An Uncertain Founding: Santa Fe
Imperial city of the Aztecs: Mexico-Tenochtitlan
Big Dig, Little Dig, Hidden Worlds: Boston
We Shall Be One People: Quebec
Constructing the House of Chouteau: Saint Louis
The High Place: Potosi
Where All the Trains Ran: Chicago
A View from the Parish Jail: New Orleans
Sex, Vigilantism, and San Francisco in 1856
The Prideful Mission and the Little Town: Los Angeles
Cities in Review
Treasure City: Havana
Introduction: A Worm’s Eye View
The Souls of African American Children: New Amsterdam
Mobtown U.S.A.: Baltimore
Mean Streets, Mannered Streets: Charleston
A View from Graveside: Salt Lake City
Walking Moraley’s Streets: Philadelphia
A Day in the Life: Lima
National Domesticity in the Early Republic: Washington, D.C.
Violence and Hope in a Space of Death: Paramaribo
Excerpts From “Kingdom”
Welcome to Commonplace, a destination for exploring and exchanging ideas about early American history and culture. A bit less formal than a scholarly journal, a bit more scholarly than a popular magazine, Commonplace speaks—and listens—to scholars, museum curators, teachers, hobbyists, and just about anyone interested in American history before 1900. It is for all sorts of people to read about all sorts of things relating to early American life—from architecture to literature, from politics to parlor manners. It’s a place to find insightful analysis of early American history as it is discussed in scholarly literature, as it manifests on the evening news, as it is curated in museums, big and small; as it is performed in documentary and dramatic films and as it shows up in everyday life.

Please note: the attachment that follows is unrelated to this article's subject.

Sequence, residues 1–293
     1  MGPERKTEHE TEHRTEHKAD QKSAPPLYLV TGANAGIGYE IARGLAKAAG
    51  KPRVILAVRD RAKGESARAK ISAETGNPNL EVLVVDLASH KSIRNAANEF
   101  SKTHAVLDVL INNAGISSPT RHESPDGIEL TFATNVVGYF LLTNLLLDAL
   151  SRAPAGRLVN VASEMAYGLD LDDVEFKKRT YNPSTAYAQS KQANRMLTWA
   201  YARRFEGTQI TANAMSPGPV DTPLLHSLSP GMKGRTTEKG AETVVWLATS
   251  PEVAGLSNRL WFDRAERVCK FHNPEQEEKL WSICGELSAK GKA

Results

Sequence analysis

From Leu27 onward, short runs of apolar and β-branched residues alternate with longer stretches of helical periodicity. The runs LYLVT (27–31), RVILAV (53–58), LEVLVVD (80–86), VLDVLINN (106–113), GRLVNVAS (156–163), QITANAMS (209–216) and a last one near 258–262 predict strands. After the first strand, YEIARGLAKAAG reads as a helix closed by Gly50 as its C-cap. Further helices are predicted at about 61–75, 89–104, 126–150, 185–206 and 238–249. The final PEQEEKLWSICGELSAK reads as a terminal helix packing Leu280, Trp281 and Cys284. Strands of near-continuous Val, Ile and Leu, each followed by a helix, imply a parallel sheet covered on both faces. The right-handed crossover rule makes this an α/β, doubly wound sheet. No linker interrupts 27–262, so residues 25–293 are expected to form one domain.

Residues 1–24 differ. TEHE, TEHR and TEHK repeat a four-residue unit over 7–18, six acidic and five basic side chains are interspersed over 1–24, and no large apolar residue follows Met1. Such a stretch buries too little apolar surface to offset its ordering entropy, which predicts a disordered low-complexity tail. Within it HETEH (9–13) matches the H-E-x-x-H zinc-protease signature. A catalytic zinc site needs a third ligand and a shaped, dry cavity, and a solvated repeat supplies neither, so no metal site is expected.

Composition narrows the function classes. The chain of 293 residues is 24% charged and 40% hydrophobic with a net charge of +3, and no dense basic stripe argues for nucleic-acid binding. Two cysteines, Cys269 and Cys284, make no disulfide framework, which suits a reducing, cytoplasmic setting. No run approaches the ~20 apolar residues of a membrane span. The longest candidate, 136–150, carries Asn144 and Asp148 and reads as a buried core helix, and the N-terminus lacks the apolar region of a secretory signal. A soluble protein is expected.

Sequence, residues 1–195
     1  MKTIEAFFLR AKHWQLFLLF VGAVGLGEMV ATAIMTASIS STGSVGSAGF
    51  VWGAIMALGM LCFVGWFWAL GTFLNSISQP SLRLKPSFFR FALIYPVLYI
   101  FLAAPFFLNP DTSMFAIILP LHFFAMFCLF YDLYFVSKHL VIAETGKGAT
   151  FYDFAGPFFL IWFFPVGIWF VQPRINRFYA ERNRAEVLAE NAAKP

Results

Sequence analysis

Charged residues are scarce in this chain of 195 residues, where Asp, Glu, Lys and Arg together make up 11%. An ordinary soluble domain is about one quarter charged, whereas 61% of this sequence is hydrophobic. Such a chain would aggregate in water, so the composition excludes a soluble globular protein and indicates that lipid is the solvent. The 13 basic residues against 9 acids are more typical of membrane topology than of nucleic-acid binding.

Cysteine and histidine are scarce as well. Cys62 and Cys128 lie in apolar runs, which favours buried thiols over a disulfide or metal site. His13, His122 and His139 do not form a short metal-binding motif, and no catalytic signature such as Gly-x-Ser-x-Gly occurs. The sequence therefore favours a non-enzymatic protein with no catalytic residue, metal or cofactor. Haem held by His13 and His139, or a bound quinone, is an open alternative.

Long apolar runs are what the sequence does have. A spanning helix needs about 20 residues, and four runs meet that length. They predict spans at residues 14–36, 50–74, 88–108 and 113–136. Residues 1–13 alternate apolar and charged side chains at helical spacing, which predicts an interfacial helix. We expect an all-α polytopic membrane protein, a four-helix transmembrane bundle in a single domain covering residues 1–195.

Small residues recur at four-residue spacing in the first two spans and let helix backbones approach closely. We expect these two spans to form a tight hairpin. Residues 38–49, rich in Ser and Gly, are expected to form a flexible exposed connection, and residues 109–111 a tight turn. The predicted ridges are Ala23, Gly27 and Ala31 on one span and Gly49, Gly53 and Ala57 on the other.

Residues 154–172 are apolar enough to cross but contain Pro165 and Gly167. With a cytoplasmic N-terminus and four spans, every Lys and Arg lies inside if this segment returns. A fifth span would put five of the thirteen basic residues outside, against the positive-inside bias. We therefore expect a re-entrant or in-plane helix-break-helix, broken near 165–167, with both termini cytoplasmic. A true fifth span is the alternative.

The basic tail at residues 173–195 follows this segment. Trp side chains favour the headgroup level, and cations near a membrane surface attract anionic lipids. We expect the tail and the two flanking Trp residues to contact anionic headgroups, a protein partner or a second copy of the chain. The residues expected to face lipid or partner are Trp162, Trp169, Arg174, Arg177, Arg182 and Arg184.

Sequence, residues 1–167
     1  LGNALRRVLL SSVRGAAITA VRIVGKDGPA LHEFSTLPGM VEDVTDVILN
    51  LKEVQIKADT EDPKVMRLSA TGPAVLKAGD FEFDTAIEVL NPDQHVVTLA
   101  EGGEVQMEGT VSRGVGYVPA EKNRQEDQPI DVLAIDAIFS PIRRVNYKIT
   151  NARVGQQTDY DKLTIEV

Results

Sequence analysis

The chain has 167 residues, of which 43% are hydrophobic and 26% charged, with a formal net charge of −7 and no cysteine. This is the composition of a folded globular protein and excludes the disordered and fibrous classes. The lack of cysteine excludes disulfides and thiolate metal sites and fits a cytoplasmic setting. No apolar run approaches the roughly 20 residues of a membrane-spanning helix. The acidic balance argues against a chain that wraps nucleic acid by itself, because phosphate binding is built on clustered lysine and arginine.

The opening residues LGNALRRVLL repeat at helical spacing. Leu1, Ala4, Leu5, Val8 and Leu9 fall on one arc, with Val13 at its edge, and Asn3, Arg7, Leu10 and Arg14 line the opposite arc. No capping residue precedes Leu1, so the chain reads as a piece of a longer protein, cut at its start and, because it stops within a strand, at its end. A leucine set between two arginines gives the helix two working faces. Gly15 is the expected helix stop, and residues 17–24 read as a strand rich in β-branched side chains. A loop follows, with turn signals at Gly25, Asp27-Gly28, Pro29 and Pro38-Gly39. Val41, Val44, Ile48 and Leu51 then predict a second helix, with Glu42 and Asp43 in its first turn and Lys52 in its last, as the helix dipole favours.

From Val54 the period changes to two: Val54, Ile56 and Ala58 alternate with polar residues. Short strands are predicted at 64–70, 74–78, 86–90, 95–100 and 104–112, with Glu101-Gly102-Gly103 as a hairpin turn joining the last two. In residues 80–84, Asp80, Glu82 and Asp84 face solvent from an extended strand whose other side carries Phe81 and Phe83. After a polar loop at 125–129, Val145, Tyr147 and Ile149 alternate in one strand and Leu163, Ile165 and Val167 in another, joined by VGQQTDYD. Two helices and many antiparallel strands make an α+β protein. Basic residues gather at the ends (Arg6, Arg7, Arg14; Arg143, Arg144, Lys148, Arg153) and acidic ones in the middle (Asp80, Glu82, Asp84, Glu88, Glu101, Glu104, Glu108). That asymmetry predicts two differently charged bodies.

In addition to critical evaluations of books and websites (Reviews) and poetic research and fiction (Creative Writing), our articles explore material and visual culture (Objects); pedagogy, the writing of literary scholarship, and the historian’s craft (Teach); and diverse aspects of America’s past and its many peoples (Learn). For more great content, check out our other projects, (Just Teach One) and (Just Teach One African American Print).
How to cite Commonplace articles:
Author, “Title of Article,” Commonplace: the journal of early American life, date accessed, URL.
Sophie White, “Trading Looks Race, Religion and Dress in French America,” Commonplace: the journal of early American life, accessed September 30, 2019, http://commonplace.online/article/trading-looks-race-religion-dress-french-america/
Joshua R. Greenberg, editor
Read more about Commonplace
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